So, 'other guests' approached him. What does that mean? Maybe he was famous or something? I never saw his face, so I can't say that I would know who he was, but that little smirk meant something. Oh well, it was pointless trying to work it all out. I had to just give him the lyrics and then get back to my novel. I'd be doing so well, I couldn't let the music consume me.
I scrambled into the elevator and up to my room on the 34th floor. Today had been a good day. I felt like I had achieved something and I got off set at a reasonable hour. I looked at the digital clock next to the huge king sized bed. It was 10:45pm. I could go down to the bar, play some piano, have a smoke on the balcony a couple of beers. Maybe I could start to think about the lyrics for the song, now that the composition was perfect.
I grabbed my smokes and the purple swipe card and headed to the elevator. OK, it was a Thursday night. I'd have work tomorrow, get to sleep in on Saturday morning and then off to see Ben play that night, sleep all day Sunday, back at work at 5am Monday morning.
It's beer O'Clock!
I walked into the bar and scanned the room. I always did this. My instincts were honed. It usually took one look and I knew if I was going to be accosted. My eyes instantly traveled to the spot lit table. No way, the table still covered with papers and that Apple Powerbook. No tired business woman though. An ice bucket and half a glass of wine on the table, she was probably either on the balcony or in the Ladies. I looked out to the small balcony, same old dude sucking on that cigar. There were two middle-aged Armani suits doing a deal in the corner, drinking hard liquor.
And here comes my best friend with my icy Heineken.
"Good evening Mr Paul."
I took the Heineken and guzzled half the bottle in one gulp.
"Thanks. I don't suppose I can play tonight?"
"Certainly Sir. I'm sure it will be fine" He motioned with a nod towards the business woman's table. "One of our other guests inquired about the piece of music you played last night. She wanted to know the title of the song and who composed it? If you like I could tell her, so that she doesn't approach you directly?"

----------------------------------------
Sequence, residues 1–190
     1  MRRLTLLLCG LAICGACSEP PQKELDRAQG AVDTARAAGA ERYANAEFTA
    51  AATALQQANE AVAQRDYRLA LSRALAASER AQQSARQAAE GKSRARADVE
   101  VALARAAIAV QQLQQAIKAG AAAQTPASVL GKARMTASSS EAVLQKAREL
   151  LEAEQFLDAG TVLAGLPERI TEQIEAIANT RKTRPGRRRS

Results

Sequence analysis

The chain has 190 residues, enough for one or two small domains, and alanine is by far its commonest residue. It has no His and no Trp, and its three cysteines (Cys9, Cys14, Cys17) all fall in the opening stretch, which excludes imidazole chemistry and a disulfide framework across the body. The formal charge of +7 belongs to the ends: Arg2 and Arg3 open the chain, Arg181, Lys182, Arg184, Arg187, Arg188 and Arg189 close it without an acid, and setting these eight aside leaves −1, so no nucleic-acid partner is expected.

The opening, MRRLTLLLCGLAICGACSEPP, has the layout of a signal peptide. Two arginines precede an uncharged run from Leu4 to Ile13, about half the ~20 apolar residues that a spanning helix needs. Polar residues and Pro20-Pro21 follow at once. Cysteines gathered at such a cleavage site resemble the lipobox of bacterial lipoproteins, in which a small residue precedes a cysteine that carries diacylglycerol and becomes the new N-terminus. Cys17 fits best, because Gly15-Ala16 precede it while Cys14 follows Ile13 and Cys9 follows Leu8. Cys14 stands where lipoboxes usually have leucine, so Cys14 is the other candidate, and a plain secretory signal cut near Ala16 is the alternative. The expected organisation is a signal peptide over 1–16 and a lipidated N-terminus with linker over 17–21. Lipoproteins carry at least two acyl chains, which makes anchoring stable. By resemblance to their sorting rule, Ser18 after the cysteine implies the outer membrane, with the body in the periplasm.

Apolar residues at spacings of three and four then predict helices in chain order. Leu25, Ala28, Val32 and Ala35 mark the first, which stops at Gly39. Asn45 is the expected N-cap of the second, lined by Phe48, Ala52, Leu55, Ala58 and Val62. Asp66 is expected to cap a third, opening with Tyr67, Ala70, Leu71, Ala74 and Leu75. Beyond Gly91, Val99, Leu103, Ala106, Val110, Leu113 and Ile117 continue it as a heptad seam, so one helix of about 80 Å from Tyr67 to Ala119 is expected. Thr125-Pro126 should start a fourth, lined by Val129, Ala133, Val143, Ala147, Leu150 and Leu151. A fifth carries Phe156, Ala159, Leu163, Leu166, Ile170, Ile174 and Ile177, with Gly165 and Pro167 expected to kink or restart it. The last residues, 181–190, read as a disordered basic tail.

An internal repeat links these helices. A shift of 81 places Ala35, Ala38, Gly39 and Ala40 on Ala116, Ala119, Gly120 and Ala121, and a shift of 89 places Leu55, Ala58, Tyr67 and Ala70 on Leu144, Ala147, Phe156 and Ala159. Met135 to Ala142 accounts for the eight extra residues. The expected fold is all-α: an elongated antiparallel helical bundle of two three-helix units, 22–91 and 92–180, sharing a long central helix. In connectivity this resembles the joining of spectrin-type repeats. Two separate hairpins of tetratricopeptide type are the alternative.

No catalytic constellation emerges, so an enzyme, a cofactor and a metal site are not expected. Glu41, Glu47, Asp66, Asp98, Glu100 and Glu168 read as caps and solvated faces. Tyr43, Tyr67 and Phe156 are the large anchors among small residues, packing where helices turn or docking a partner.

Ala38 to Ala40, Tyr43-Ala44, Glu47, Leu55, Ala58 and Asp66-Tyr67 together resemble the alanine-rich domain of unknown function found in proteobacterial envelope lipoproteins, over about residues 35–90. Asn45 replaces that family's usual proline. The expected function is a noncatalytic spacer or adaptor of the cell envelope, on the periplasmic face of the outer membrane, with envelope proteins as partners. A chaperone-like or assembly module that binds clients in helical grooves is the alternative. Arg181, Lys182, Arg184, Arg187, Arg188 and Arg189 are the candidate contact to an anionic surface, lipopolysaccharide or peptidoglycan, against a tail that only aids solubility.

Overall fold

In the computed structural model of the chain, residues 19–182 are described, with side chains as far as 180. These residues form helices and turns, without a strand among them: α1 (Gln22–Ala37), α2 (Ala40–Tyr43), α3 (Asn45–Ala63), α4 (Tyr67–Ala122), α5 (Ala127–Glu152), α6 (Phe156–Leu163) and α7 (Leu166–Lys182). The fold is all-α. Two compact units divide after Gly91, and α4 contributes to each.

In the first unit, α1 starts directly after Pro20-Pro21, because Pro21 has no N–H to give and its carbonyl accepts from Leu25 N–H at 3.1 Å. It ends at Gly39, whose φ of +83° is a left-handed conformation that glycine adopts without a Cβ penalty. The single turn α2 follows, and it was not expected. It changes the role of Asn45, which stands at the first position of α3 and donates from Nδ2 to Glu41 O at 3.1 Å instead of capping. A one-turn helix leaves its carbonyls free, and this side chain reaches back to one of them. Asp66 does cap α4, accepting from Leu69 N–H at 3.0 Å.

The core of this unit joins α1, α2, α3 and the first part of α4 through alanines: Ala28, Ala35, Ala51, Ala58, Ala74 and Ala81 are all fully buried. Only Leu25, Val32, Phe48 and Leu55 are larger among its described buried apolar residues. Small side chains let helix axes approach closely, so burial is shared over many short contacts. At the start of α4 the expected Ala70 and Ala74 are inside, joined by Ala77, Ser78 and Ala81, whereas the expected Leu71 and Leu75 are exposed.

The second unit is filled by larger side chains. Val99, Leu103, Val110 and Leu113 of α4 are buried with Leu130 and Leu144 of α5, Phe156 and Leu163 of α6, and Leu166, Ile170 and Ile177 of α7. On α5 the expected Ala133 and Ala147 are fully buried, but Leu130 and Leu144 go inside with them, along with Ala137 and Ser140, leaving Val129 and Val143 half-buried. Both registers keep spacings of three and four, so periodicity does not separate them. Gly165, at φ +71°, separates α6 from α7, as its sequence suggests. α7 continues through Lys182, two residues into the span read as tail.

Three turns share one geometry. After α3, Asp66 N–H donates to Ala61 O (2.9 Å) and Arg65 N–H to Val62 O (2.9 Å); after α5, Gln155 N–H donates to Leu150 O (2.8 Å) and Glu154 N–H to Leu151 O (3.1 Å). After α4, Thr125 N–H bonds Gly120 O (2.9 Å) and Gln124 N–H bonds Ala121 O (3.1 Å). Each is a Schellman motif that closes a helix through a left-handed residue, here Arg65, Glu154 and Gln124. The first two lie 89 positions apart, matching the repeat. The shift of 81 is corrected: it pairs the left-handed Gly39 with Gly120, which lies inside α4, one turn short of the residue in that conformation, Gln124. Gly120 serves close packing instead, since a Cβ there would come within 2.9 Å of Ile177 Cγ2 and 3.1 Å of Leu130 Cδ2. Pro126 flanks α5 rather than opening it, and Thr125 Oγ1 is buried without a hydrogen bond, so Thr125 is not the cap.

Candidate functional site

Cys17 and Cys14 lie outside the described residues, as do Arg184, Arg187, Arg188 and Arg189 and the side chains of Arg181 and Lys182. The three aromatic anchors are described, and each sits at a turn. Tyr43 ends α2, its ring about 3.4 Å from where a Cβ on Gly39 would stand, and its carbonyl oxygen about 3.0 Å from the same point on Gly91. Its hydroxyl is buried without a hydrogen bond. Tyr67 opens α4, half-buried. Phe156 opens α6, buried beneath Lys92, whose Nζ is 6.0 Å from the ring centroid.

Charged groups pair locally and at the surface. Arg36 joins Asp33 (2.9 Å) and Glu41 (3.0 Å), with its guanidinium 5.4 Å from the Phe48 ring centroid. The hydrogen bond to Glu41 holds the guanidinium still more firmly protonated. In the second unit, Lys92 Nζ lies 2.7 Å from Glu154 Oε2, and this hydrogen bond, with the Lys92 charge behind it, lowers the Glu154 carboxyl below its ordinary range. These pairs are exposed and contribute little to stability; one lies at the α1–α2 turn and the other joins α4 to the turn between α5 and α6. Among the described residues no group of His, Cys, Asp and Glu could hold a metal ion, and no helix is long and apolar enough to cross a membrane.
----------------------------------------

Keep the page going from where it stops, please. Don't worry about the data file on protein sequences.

Wow, so the attractive business woman liked the song?
That was a bonus; she was in the target demographic for the film. Well it didn't have a name, so yes, he might as well tell her, so she didn't try to hit on me.
"The song doesn't have a name yet. I composed it myself. It's still coming together. Really, it's not entirely finished."
"I'll let her know," and he walked towards the bar.
I sat at the piano, placed my Heineken on the little stool and started playing. I played it all the way through, no mistakes and then I took another swig of beer and played it again. The Armani suit dudes kept on talking; they didn't even glance my way. The cigar man was leaning on the balcony balustrade, he didn't even register that he heard me playing. But then, I got that feeling, that tingling down my spine, like there was suddenly static electricity in the air. I knew business woman had returned to her table and she was watching me.
I decided I might as well give up tonight. I'd been sitting in front of my notes and laptop stressing about whether he would show up and play, and every time I'd try to write, nothing, nada, complete blank.
Damn, I knew my writing roll was too good to be true.
I took a slow sip of wine and got up to use the bathroom. OK, I mentally berated myself. Go and ask Mike the super sweet concierge to deliver my lyrics anonymously to the mystery guest and then, that will be it! I can go back and keep writing.